Richard John Seddon: the man and legend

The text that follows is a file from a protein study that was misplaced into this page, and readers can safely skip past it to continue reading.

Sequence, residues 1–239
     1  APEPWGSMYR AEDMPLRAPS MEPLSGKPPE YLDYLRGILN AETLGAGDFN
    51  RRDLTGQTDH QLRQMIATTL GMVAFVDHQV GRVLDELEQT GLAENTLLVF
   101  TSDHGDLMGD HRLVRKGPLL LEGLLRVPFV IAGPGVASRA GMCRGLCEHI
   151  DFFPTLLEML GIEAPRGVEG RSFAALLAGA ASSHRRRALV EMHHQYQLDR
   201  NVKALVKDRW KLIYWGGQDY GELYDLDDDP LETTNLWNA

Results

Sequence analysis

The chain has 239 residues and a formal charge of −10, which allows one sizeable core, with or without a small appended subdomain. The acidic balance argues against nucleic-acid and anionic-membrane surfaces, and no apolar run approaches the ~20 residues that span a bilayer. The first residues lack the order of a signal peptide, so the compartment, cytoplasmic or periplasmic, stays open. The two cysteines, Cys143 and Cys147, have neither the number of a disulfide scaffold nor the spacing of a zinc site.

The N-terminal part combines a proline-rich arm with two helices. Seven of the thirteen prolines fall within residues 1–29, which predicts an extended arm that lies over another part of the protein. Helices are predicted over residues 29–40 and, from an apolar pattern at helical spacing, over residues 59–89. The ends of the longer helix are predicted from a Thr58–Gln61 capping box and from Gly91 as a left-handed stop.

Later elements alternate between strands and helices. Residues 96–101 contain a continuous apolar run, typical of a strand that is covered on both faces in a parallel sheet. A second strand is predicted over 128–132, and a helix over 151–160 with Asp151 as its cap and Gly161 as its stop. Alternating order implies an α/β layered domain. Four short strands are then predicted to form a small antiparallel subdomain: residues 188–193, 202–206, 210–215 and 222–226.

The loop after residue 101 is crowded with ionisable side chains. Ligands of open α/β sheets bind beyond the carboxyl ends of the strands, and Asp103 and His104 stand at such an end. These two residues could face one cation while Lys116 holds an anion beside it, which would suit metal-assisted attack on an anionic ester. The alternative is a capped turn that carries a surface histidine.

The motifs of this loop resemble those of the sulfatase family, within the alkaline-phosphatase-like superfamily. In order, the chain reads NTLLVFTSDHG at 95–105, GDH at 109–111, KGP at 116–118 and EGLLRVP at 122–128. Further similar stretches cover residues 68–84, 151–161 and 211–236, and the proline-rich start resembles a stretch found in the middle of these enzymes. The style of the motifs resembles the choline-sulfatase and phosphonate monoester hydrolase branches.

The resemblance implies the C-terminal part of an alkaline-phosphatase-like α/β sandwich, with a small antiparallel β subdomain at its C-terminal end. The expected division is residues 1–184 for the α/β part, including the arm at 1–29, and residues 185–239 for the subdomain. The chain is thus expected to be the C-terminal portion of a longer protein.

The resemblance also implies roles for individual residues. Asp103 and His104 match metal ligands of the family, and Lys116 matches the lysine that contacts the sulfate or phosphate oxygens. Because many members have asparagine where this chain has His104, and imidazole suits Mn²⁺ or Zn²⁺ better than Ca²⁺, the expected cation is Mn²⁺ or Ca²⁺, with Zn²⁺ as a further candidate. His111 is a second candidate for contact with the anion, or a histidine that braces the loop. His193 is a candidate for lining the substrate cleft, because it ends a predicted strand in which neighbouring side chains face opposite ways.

It would be an unobservant traveller who drove along the main street of Hokitika and didn’t notice the statue of the bearded man in a long coat, erected high on a pedestal in front of the West Coast town’s landmark building, known as Seddon House. Richard John Seddon (1845-1906) was not only New Zealand’s longest serving premier, but probably brought in more reforms for the good of the people than any leader since. He was born in Lancashire and at the early age of 18, broke loose from the old world and headed first for the gold fields of Victoria then the diggings near Kumara on New Zealand’s West Coast. He may have struck pay dirt, for in Kumara he later set up shop and established a hotel. Neither of them flourished. Instead, he made a name for himself as a fist fighter, an athlete and a lay advocate for miners. With his wife Louisa and their 11 children, Richard lived in Kumara for the next 20 years, where his ambitions turned to the stormy theatre of politics. In 1877, he was elected the first mayor of the town. Politics suited his forceful temperament and his ideologies fitted the times. In 1893, he became premier of New Zealand. Among his many reforms, he introduced the age pension and free secondary education. He also sought acquisition of the New Territories in the Pacific and for these moves he was dubbed ‘King Dick, Lord of the Isles’. Today, in the very worthwhile Hokitika Museum, you may be lucky enough to come across a local man called David Verall, who is such a disciple of Richard, he says he sometimes feels he channels him. “I came to admire the man tremendously. He was a verbose, indomitable liberal who had strong faith in the virtues of the common man. I love his sense of spirit, the way he broke away from the constraints of class and parish. He loved horses, drank and ate without moderation, was astute without being subtle and had all the persistence of a toothache. All up and amazing man.” Bring him to mind as you drive through Kumara and Hokitika, particularly next year (2016), when the 150th anniversary of his arrival in New Zealand will be taking over the towns. Jill Malcolm is a former editor of Motorhomes Caravans & Destinations and author of the Great Kiwi Motorhome Guide.
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